This population-based research revealed the clinicopathological features as well as survival of patients with cervical AC.Cervical AC constitutes only approximately 20%-25% of all cervical carcinomas2,3. AC is the second most common primary cervical cancer, secondly only to SCC 22.Previous studies predominantly enrolling patients with SCC have provided most of our knowledge about the treatment of cervical cancer23,24. However, the different outcomes for AC have been rarely reported. Furthermore, prospective studies have not focused on the treatment of AC as the only histology. Consequently, our understanding of the natural history, prognosis factors and optimal management of cervical AC is limited 25. For this purpose, by including a total of 3102 cervical AC patients, we aimed atdescribing the clinicopathological features and treatment, as well as examining prognostic indicators for cervical AC.
Depth of cervical invasion, tumor size, FIGO stage, nodal status 26,27, tumor grade and patient age28,29 were the most widely studied clinicopathological parameters for cervical AC. Although these studies are most based on small sample, single center retrospective studies, the results are basically consistent with ours. In addition, we also found that marital status is an independent prognostic factor for cervical AC.
The same therapeutic strategy is recommended for SCC and AC according to the present guidelines. Nevertheless, there have been no consistent data concerning the therapeutic efficacy in diﬀerent histological classification7. Surgery and radiotherapy are recommended as the primary therapeutic regimes for early-stage cervical cancer in accordance with NCCN guidelines 8. In addition, the 5-year OS rates for stage IA1 and stage IA2 lesions were 96.5% and 99.4% for radical hysterectomy, 96.6% and 100% for local excision, 98.4% and 96.9% for simple hysterectomy in a study enrolling 1567 patients with cervical AC30. Our study also found that surgery is an independent favorable prognostic factor.
Radiotherapy is an alternative option for patients not fit for surgery or who refuse surgery. For patients with stage IB2-IVA cervical cancer, concurrent cisplatin based-chemoradiotherapy plus brachytherapy is the standard therapeutic regimen7. Our study found that for patients without surgery, radiotherapy and chemotherapy can bring significant survival benefits. However, in terms of tumor stage, only patients with stage III can gain significant survival benefits from radiotherapy.The worse efficacy of cervical AC is possibly caused by insensitivity of radiotherapy. Cervical AC patients have been reported to have poorer complete response (CR) as well as local control rates, therefore requiring longer time to obtain CR than SCC populations following CCRT or definitive radiotherapy23,31,32. Similarly, local failure is also more common in cervical AC patients. In addition, Hu revealed higher probability of distant failure in AC patients10. In consideration of poor outcomes of patients with cervical AC, more effective protocols are required for these patients.Adjuvant chemotherapy or neoadjuvant is a possible strategy. According to a Chinese clinical trial, 880 patients with FIGO stage IIB-IVA cervical AC were randomly assigned to receive only CCRT or CCRT with one cycle of neoadjuvant chemotherapy and two cycles of consolidation chemotherapy. Subsequently, patients treated by CCRT along with chemotherapy had better OS, DFS and local control after a median follow-up of 60 months. The above outcomes implicate that combined CCRT and chemotherapy is promising to enhance the survival of patients with cervical AC33.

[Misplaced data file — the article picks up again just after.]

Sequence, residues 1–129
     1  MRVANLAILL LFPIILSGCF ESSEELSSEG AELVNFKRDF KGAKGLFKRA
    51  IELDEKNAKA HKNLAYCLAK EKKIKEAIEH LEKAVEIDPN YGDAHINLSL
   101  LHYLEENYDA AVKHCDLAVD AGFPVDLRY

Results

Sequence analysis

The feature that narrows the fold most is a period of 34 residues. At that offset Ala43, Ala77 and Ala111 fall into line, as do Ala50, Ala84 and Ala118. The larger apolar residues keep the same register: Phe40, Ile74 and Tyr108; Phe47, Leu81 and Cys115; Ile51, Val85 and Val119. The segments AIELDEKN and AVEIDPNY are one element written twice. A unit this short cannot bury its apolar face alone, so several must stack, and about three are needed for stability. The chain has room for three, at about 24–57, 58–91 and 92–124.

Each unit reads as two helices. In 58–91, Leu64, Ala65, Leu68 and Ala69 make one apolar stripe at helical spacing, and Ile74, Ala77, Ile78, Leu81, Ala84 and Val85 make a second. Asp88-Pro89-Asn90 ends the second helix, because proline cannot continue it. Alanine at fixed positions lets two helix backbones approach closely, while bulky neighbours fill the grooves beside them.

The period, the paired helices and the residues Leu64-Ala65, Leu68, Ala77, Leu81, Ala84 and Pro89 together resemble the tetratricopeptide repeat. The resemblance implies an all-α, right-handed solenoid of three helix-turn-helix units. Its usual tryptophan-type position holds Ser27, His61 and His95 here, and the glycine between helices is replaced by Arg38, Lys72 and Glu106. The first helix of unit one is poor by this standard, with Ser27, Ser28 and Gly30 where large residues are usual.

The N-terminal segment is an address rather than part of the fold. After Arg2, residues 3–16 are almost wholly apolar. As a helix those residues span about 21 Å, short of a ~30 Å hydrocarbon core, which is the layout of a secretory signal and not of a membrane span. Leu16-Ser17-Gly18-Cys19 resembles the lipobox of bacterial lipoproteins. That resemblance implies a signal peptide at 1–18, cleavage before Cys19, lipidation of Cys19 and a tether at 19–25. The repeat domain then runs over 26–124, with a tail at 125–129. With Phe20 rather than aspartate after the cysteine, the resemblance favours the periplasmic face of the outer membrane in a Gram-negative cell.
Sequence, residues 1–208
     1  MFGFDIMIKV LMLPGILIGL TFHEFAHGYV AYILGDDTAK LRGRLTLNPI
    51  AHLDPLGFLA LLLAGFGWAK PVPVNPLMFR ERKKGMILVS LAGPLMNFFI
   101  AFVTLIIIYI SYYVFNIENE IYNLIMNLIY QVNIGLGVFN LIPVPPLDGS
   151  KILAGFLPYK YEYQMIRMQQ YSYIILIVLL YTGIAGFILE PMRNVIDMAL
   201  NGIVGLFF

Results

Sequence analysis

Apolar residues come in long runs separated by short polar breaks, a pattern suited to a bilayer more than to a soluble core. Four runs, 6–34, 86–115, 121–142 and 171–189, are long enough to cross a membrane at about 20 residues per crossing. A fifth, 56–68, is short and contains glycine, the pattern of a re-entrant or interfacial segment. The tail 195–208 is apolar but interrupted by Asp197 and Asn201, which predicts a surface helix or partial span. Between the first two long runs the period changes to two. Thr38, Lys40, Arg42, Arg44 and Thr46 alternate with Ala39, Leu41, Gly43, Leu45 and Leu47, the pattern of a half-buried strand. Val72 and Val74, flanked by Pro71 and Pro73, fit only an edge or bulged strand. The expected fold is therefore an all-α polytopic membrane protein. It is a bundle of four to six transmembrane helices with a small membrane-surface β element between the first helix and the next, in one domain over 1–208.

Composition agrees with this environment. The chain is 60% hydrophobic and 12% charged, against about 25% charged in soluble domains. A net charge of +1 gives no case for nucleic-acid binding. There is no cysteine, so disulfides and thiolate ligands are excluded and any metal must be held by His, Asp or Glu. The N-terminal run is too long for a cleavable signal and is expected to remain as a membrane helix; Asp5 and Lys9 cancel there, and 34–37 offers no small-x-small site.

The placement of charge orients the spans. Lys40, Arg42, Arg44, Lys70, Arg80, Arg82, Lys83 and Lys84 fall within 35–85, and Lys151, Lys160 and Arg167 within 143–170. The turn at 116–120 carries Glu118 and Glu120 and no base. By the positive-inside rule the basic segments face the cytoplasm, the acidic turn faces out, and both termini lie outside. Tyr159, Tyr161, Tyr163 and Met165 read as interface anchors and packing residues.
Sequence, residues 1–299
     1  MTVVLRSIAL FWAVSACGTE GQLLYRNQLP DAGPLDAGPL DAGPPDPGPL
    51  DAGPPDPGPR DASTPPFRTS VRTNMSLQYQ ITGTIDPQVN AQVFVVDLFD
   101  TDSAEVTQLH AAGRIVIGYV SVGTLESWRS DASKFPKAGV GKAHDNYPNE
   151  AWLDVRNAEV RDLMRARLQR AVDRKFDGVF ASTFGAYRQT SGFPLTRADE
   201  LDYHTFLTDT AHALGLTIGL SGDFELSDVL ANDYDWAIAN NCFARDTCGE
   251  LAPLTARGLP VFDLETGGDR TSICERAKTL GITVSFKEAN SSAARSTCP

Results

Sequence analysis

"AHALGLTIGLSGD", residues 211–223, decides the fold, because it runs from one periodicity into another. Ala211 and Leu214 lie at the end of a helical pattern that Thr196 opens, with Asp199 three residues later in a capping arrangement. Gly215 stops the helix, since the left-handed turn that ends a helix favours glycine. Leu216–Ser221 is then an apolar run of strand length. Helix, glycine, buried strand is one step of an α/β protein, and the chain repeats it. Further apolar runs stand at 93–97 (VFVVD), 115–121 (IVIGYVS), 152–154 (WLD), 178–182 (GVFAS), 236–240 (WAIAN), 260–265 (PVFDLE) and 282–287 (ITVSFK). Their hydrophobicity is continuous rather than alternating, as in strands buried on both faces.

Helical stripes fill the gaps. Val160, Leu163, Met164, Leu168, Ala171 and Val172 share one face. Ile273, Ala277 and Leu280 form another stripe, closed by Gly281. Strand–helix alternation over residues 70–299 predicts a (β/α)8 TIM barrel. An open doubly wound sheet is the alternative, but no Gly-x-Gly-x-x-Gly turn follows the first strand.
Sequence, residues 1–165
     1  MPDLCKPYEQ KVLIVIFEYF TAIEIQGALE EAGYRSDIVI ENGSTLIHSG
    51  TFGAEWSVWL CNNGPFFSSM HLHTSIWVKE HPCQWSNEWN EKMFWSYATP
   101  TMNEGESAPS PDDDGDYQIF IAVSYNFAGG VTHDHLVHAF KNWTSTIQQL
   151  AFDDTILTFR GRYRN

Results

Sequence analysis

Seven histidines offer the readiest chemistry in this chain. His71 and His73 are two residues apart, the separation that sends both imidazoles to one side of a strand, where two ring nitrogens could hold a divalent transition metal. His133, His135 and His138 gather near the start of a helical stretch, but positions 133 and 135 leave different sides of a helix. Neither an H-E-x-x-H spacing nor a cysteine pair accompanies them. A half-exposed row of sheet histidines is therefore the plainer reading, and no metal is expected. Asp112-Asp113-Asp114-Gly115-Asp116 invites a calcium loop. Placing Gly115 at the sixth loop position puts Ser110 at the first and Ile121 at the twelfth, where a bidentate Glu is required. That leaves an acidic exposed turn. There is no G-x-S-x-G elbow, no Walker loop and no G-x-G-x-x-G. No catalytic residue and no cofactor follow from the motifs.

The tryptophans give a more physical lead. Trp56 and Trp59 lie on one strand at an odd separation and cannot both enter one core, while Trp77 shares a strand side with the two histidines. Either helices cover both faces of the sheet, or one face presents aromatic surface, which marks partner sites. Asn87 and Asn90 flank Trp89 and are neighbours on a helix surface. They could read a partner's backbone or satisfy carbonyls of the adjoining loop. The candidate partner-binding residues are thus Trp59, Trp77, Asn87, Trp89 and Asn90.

The NCI-supported SEER database is the most authoritative and largest source for tumor incidence and survival. The large-scale, publicly available SEER dataset can be reliably used to guide anti-cervical AC therapy.As far as we know, our research includes the largest subjects to investigate prognostic parameters for cervical AC in the past ten years. Inevitably, there are also several limitations in our study. Firstly, selection bias and the effects of inaccessible variables from the SEER dataset are unavoidable due to the nonrandomized nature of our research13,34; Secondly, information on human papilloma virus 18 subtype7,35 were inaccessible from SEER database, which are considered as valuable indicators for survival of cervical cancer. Thirdly, SEER fails to provide all data to completely address our hypothesis, such as detailed information on chemotherapy and radiotherapy. Nevertheless, the currently accessible information from SEER database could fit our objectives. While the above-mentioned issues should be further investigated.